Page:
The existence of elephant seals (Mirounga leonina) is energetically demanding. Finding patchily distributed food throughout the Southern Ocean varies between populations and individuals. Uniquely marked (Pistorius et al. 1999) underyearling (n=4) and yearling (n=11) southern elephant seals were instrumented with satellite transmitters from 2001 2006. Their movements were analysed and overlaid onto bathymetric (GEBCO) maps of the surrounding regions. Both age groups displayed an east to west path of travel with small variance in latitudinal travel and high variance in longitudinal travel. Eight of the 15 tracks were of 200 days or more, describing the movements of these seals from their first winter haul-out to the moult. The remaining 8 tracks describe a dispersal phase from east to west and terminate just before the animals were due to return to the island. Under-yearling and yearling elephant seals from Marion Island are shown to make two mid-winter trips. The seals travel exclusively along the South-West Indian Ridge in a westerly direction, directing their movements over areas of high bathymetric heterogeneity. All the under-yearling seals travelled to and from the island along the Andrew Bain fracture zone, seldom passing 25ºE. Yearling elephant seals showed varied dispersal strategies. Four yearlings displayed similar movements to under-yearlings. Five yearlings showed a tendency to move along the South-West Indian ridge up to 10ºE, most animals spent extended periods in the vicinity of the Meteor Rise and Sea- Mounts. One individual went as far as 5ºW, following the South-West Indian ridge until reaching the mid-Atlantic ridge. The strong relationships between bathymetric features and dispersal of juvenile elephant seals from Marion Island may be due to the interaction of varied bottom topography with overlying water bodies to generate areas of high turbulence resulting in high primary productivity.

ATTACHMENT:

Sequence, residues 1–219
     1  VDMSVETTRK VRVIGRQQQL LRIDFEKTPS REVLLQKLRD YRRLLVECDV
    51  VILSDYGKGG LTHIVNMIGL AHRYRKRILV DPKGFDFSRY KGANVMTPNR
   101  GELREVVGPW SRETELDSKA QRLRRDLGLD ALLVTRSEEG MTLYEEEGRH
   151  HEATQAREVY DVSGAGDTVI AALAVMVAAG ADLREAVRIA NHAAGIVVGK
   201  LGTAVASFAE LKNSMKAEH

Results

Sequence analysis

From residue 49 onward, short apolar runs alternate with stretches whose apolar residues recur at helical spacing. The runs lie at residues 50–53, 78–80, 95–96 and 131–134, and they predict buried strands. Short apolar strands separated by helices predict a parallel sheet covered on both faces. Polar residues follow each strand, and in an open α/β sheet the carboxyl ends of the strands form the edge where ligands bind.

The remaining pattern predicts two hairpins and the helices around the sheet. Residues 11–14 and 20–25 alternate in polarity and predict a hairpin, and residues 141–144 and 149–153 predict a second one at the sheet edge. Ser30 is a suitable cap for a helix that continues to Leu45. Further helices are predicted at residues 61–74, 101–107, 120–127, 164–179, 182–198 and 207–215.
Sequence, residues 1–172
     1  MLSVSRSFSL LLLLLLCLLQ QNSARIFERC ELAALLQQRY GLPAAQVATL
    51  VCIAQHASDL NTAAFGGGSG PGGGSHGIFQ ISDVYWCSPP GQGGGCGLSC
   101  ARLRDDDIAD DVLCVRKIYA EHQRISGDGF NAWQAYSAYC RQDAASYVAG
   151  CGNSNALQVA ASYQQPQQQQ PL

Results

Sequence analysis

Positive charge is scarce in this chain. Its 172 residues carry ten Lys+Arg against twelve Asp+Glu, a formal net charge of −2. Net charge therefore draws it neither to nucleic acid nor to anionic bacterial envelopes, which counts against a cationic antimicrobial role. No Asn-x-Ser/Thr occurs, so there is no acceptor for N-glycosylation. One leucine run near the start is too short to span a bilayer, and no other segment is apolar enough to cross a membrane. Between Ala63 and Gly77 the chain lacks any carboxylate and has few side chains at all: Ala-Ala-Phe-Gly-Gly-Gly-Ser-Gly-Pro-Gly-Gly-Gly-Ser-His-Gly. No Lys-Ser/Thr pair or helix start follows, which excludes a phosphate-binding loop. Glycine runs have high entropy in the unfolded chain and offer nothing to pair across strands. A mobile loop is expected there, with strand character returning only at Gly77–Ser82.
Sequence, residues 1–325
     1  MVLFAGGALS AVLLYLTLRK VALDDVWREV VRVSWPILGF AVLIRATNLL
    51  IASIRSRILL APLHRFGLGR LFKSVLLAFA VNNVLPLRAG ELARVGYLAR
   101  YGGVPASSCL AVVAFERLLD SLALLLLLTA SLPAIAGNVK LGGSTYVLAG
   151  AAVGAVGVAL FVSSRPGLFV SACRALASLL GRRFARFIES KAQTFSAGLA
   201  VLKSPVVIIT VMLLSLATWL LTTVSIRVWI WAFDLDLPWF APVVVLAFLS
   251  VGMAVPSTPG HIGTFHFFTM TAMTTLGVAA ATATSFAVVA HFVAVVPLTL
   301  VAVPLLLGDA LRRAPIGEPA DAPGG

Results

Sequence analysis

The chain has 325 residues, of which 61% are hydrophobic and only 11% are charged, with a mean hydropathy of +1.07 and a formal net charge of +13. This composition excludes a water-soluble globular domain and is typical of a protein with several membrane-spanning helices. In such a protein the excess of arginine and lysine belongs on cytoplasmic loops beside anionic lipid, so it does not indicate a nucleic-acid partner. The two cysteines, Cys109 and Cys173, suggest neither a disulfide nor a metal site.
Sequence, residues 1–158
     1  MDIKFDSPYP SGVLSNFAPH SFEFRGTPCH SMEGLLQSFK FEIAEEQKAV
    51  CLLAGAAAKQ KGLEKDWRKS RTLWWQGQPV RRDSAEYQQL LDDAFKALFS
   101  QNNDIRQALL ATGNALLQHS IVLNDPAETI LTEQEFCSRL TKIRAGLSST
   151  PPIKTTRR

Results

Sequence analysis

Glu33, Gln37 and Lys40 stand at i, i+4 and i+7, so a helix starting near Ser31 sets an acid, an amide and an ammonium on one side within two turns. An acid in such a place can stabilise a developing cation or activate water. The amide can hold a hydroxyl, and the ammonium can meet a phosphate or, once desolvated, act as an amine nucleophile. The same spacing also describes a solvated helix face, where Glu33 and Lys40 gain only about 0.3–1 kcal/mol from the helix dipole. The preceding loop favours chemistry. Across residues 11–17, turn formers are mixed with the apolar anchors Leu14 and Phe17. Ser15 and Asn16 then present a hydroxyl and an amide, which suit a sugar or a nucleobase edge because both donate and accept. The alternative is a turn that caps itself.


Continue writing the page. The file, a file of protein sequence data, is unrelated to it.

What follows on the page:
Helmholtz Research Programs > MARCOPOLI (2004-2008) > POL4-Response of higher marine life to change